• Individual Author: Nuñez, Stephen Charles
    Reference Type: Thesis
    Year: 2011

    In this dissertation, I explore the role of values and moral judgments in credit markets. I focus on the frequenting of “fringe banks,” controversial institutions that serve those who have limited access to mainstream credit markets as a result of poverty and/or poor/no credit history. Among other intriguing results, I find compelling evidence that there are persistent statistical differences in payday and pawn loan usage across racial and ethnic groups that cannot be explained by disparities in wealth and credit access. Instead, I argue that they are the result of variations in the perception of the propriety of such loans, variations that have their root in the legacy of racial discrimination in mainstream credit markets in the United States. To make this case, I utilize both quantitative and qualitative data as well as a variety of novel statistical techniques. I analyze cross-site multi-wave survey data collected by The Center for Community Capital, The National Opinion Research Center and The Annie E. Casey Foundation. I strengthen my argument by drawing on excellent focus...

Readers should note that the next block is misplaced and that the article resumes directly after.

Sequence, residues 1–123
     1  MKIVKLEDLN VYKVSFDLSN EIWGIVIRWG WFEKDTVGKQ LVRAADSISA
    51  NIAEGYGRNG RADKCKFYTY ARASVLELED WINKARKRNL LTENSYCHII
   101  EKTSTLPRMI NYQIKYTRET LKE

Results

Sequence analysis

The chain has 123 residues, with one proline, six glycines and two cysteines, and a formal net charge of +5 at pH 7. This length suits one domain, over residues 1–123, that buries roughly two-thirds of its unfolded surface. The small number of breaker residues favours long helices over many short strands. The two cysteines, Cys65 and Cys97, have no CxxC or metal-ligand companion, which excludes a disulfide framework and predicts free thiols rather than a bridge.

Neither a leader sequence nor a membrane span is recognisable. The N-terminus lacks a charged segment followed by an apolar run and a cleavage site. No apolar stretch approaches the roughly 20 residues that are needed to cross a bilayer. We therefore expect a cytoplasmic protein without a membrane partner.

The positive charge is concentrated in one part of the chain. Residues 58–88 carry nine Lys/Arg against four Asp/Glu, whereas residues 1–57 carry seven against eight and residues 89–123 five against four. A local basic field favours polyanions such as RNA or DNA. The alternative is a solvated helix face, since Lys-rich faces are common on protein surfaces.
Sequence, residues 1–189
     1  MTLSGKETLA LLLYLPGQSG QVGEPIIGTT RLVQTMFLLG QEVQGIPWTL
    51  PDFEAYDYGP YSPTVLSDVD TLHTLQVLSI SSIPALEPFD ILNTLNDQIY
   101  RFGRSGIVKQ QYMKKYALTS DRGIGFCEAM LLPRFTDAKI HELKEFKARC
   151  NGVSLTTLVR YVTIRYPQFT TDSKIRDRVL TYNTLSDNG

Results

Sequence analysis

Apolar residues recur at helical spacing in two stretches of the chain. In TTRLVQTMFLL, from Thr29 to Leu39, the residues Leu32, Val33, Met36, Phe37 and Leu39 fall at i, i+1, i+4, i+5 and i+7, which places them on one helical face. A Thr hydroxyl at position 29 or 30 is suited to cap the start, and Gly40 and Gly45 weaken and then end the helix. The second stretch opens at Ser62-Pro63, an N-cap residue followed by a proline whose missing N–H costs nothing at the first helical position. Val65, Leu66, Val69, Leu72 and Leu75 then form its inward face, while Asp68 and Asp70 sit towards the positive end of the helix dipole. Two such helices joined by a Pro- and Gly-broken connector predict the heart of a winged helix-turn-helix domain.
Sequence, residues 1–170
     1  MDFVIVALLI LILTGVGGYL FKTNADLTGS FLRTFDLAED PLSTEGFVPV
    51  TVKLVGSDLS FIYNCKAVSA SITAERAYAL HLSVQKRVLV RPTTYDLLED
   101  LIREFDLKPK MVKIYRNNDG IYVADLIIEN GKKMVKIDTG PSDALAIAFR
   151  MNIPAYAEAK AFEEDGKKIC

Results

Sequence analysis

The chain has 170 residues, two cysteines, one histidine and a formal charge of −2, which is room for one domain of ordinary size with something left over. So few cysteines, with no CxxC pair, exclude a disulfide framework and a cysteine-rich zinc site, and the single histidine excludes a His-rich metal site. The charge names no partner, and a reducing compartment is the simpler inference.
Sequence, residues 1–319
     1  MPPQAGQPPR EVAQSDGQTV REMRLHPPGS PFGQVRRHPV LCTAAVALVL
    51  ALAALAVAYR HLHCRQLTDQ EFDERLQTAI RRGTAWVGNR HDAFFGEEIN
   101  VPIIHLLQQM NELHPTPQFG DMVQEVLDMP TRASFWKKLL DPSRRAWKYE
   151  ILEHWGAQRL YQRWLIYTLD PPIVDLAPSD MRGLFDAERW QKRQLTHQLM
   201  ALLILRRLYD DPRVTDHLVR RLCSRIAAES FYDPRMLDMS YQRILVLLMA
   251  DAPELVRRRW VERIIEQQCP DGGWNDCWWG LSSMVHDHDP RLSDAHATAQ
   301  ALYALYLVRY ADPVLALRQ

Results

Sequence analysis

In this dissertation, I explore the role of values and moral judgments in credit markets. I focus on the frequenting of “fringe banks,” controversial institutions that serve those who have limited access to mainstream credit markets as a result of poverty and/or poor/no credit history. Among other intriguing results, I find compelling evidence that there are persistent statistical differences in payday and pawn loan usage across racial and ethnic groups that cannot be explained by disparities in wealth and credit access. Instead, I argue that they are the result of variations in the perception of the propriety of such loans, variations that have their root in the legacy of racial discrimination in mainstream credit markets in the United States. To make this case, I utilize both quantitative and qualitative data as well as a variety of novel statistical techniques. I analyze cross-site multi-wave survey data collected by The Center for Community Capital, The National Opinion Research Center and The Annie E. Casey Foundation. I strengthen my argument by drawing on excellent focus group data supplied by The Center for Community Capital and The Center for Responsible Lending. This study represents a unique contribution to the sociology of credit and finance and demonstrates the importance of synthesizing structural and cultural approaches to the study of economic activity. (author abstract)